With 25 years of HR Management experience, Robin Schooling, SPHR, has worked in a variety of industries. In 2013, after serving as VPHR with a Louisiana based organization, she left corporate HR to open up Silver Zebras, LLC, an HR Consulting firm. She blogs at HRSchoolhouse and you can follow her on twitter at @RobinSchooling where, on football weekends, you can read all her #whodat tweets.

17 Comments

Danny

Good article; I will have a sign made with slide headings!

Just like Jean’s Friday, I think the elusive definition of “flip-flop” will follow me around my career until I retire.

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Andrea Ballard

Oh, I can’t stop laughing. This is so funny. Working in law firms and accounting firms for most of my HR career, I have had countless discussions about “Jeans Friday.” Yes, it’s still under discussion. If I could add up all the billable hours spent with partners sitting around the table talking about jeans, I’d be a rich lady.

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Robin Schooling

I also find that “Jeans Friday” often means, for many, “last-day-of-the-work-week-Jeans-Day.” Case in point – office closed on Good Friday so the last-day-of-the-work-week was Thursday. I think I had 5 people stop me in the hall on Wednesday to ask if they could wear jeans the next day….

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Judy Lindenberger

That is why we have all lasted so long in HR. If common sense ruled, we would not have jobs!

In addition to making me laugh, and reminding me that people just don’t think sometimes, I remembered a time when, freshly out of college, I had to tell a woman, who was older than me, that she needed to tone it down when she met with people outside of the office. She wore a wig of a different color each day and they were all teased up and huge. She wore dark red lipstick, lots of bright blue eye shadow and as much foundation and blush as she could put on. I can still picture her today. When I told her, as gently and directly as I was able, that she needed to dress more appropriately when meeting with people outside of the office, she stared at me angrily and said that Jesus told her to dress like that. As a twenty something year old, I had no response!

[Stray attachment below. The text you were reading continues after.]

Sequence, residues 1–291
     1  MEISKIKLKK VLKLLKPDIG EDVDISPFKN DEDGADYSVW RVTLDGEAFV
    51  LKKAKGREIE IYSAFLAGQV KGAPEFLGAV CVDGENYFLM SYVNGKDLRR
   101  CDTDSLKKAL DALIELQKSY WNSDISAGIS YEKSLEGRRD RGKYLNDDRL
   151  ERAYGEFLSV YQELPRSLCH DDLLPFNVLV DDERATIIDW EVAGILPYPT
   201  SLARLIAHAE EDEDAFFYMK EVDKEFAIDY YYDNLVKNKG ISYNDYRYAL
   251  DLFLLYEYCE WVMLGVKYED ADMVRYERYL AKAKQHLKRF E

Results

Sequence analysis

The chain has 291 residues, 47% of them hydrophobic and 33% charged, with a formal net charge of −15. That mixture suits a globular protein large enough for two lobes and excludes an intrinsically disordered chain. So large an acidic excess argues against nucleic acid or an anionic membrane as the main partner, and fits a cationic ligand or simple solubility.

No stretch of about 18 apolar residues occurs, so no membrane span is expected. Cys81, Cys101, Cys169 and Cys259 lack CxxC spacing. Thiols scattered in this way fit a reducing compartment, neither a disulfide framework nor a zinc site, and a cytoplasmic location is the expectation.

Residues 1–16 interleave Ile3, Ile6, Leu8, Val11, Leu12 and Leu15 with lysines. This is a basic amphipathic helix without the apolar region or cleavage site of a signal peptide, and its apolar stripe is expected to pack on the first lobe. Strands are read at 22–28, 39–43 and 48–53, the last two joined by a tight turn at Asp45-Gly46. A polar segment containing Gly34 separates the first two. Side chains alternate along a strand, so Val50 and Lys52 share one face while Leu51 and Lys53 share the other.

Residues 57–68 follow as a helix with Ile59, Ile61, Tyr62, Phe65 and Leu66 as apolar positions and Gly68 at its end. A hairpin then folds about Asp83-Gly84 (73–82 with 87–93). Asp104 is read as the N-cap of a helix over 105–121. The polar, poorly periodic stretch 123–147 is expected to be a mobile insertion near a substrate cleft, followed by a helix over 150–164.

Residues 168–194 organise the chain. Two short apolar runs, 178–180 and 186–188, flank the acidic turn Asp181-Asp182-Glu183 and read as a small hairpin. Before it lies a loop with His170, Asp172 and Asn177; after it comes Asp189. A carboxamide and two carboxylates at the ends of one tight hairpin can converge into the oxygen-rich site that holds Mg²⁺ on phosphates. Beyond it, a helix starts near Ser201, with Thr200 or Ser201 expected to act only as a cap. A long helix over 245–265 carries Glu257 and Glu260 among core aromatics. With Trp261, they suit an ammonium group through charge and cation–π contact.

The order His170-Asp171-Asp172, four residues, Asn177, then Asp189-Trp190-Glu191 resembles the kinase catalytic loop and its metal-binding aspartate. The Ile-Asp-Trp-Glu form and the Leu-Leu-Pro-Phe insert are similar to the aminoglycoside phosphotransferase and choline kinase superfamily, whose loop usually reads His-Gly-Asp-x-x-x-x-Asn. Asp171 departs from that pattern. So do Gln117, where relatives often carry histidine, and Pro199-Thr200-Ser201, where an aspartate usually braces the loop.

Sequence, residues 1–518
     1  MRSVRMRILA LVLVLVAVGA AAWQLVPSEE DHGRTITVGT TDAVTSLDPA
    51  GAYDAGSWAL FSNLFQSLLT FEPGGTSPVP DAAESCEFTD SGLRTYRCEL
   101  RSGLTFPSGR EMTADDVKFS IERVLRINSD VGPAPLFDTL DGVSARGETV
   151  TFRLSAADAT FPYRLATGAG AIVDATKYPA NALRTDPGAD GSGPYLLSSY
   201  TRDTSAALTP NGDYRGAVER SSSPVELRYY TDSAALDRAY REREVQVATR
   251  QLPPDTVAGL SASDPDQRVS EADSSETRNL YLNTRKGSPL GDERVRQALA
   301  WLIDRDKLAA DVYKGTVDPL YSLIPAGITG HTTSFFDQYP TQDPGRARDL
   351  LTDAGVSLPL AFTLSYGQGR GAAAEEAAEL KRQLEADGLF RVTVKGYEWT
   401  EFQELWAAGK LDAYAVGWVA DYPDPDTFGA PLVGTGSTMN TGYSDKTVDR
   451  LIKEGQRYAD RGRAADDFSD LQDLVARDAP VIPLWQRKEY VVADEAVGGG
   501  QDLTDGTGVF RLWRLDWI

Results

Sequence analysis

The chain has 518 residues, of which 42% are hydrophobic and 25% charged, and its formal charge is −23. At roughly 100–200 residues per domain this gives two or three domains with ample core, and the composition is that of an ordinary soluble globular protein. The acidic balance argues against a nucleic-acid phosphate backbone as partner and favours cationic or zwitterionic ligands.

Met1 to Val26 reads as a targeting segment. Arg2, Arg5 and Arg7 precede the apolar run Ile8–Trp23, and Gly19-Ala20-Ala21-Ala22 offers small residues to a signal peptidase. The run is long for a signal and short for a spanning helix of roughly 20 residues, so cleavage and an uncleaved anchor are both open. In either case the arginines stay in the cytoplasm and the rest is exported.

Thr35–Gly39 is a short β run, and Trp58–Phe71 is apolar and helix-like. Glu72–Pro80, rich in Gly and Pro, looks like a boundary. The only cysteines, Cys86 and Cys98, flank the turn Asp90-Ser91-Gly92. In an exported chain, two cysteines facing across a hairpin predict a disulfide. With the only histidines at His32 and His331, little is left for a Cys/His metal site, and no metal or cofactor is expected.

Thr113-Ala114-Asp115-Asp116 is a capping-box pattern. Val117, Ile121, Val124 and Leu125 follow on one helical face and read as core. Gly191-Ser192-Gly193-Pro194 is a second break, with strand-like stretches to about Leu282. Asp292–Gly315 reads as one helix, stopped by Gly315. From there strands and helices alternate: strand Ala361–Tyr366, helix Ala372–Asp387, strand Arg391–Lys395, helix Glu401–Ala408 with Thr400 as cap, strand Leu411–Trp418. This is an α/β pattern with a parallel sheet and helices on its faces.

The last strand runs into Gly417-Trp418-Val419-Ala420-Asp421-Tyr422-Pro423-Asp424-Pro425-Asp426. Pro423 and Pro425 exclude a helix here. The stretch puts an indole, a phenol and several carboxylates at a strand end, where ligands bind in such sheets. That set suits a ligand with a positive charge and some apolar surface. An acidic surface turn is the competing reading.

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Heather

Wow, so archaic for a dress code that was only written five years ago. I wonder what that company’s code is now?!

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Sabrina

OMG – Dress codes. Makes me want to pull my arm off just so I have something to throw. Here’s my horror story. At my last “real” job we had a safety manager who had this fetish for shoes, but not in the typical way. His fetish was to go crazy anytime someone wore shoes that were “against OSHA regulations” or “could make you trip and break your nose and then have surgery blah, blah, blah”. So to train our staff he created a 22 page powerpoint depicting acceptable and unacceptable shoes. He must have spent hours scouring through magazines because he had examples of every shoe made and it either had a big check mark beside it or a big circle around it with an X through it. He about lost his mind when we told him that in no way could he train our employees with a 22 page powerpoint on shoes. Insanity.

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Buzz Rooney

Wow! I wouldn’t have lasted long in that company either. I’ve spent my whole HR career in production, manufacturing and automotive retail. I think someone would pass out if I wore a suit — starting with me!

The dress code issue frosts my cookies, too. More rules is not the answer. Addressing the problem and holding people accountable to the prescribed solution is the answer. Always.